NATO’s focus over the past decade has largely revolved around the shared, U.S.-led mission in Afghanistan, led by President Hamid Karzai. But dramatic developments in the war-torn country are complicating NATO’s already precarious plans for withdrawal. In March, news leaked of a U.S. sergeant named Robert Bales, who allegedly carried out a civilian massacre that killed 16 Afghans; the story has sparked outrage and renewed international focus on the civilian death toll of 10 years of war. In addition, the Taliban has suspended talks with the United States and, in the past year, Karzai has expressed increasing impatience with the U.S./NATO exit plan.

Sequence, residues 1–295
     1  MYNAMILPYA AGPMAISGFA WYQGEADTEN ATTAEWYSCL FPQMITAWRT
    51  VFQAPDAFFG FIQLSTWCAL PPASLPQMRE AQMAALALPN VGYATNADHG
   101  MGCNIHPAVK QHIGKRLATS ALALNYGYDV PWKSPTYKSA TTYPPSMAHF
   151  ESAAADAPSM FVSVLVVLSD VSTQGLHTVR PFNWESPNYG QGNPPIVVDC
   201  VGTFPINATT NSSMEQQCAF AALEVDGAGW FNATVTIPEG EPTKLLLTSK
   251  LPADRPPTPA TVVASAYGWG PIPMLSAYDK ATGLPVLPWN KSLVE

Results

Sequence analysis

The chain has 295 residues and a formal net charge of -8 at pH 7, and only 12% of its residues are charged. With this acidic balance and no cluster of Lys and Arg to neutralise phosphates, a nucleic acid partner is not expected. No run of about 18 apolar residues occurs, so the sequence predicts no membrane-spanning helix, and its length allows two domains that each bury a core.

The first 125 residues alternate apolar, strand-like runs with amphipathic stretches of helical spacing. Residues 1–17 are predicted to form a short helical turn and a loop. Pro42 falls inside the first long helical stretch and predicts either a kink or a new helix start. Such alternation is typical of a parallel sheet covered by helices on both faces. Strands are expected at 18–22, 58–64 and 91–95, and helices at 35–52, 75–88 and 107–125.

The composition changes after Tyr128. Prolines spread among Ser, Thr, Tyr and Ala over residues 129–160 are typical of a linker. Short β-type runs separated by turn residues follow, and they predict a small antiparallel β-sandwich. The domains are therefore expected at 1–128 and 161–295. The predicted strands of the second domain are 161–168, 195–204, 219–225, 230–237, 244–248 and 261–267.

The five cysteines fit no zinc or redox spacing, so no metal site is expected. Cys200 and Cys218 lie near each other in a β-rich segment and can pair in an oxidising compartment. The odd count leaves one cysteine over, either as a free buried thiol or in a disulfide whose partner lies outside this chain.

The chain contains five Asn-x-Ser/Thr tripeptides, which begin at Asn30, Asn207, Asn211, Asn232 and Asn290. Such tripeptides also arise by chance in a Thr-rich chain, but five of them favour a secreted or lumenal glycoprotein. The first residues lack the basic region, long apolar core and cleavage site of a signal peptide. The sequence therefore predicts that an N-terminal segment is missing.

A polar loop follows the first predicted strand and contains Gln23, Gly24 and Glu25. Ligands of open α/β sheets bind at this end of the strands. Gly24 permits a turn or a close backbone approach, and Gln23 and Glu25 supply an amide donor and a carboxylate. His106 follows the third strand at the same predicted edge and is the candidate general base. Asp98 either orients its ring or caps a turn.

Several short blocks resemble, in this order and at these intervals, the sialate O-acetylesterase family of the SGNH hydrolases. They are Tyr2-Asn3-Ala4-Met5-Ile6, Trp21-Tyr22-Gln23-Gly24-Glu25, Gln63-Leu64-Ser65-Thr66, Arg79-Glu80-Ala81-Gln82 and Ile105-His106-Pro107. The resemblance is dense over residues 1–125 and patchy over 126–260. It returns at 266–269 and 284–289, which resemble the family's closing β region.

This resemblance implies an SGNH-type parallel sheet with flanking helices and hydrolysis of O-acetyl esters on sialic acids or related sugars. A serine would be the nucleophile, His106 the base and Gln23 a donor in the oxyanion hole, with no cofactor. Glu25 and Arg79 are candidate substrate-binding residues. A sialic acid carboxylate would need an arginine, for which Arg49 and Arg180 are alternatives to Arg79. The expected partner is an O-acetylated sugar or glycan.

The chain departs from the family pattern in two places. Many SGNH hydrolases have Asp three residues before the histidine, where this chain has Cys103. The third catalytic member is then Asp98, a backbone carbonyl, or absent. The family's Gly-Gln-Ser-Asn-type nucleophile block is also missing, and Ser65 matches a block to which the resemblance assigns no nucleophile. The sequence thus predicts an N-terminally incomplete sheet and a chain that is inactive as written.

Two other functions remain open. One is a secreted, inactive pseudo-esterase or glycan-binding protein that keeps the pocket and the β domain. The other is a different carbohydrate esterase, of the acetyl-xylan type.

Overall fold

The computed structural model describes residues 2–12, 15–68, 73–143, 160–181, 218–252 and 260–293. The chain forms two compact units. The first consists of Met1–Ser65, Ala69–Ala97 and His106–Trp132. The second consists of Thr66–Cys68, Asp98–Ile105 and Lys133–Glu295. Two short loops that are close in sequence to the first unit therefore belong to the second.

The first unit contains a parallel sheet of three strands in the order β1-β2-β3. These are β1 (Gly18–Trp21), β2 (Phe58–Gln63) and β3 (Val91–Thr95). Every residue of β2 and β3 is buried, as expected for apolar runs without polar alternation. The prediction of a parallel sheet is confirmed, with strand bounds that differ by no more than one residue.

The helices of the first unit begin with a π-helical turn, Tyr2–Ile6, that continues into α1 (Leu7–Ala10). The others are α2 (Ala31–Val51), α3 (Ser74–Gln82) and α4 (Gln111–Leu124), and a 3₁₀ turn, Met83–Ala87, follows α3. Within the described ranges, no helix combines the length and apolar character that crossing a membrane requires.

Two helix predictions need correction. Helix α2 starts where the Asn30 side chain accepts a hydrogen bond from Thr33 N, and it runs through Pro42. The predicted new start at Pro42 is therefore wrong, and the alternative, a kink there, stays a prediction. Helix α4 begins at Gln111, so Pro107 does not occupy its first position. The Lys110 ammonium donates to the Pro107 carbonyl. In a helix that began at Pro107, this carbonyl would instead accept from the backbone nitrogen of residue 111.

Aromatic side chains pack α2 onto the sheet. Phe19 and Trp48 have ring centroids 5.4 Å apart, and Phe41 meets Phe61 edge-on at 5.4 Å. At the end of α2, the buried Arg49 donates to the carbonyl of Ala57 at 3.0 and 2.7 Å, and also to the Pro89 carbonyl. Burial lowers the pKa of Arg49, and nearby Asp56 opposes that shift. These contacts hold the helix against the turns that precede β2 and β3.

As of March 16, 2012, President Karzai and President Obama have renewed their public commitment to the official withdrawal timetable, which has U.S. troops suspending direct combat operations in mid-2013 and fully exiting Afghanistan by the end of 2014. The specifics of withdrawal will be discussed on a deeper level at this year’s summit, which President Karzai will attend.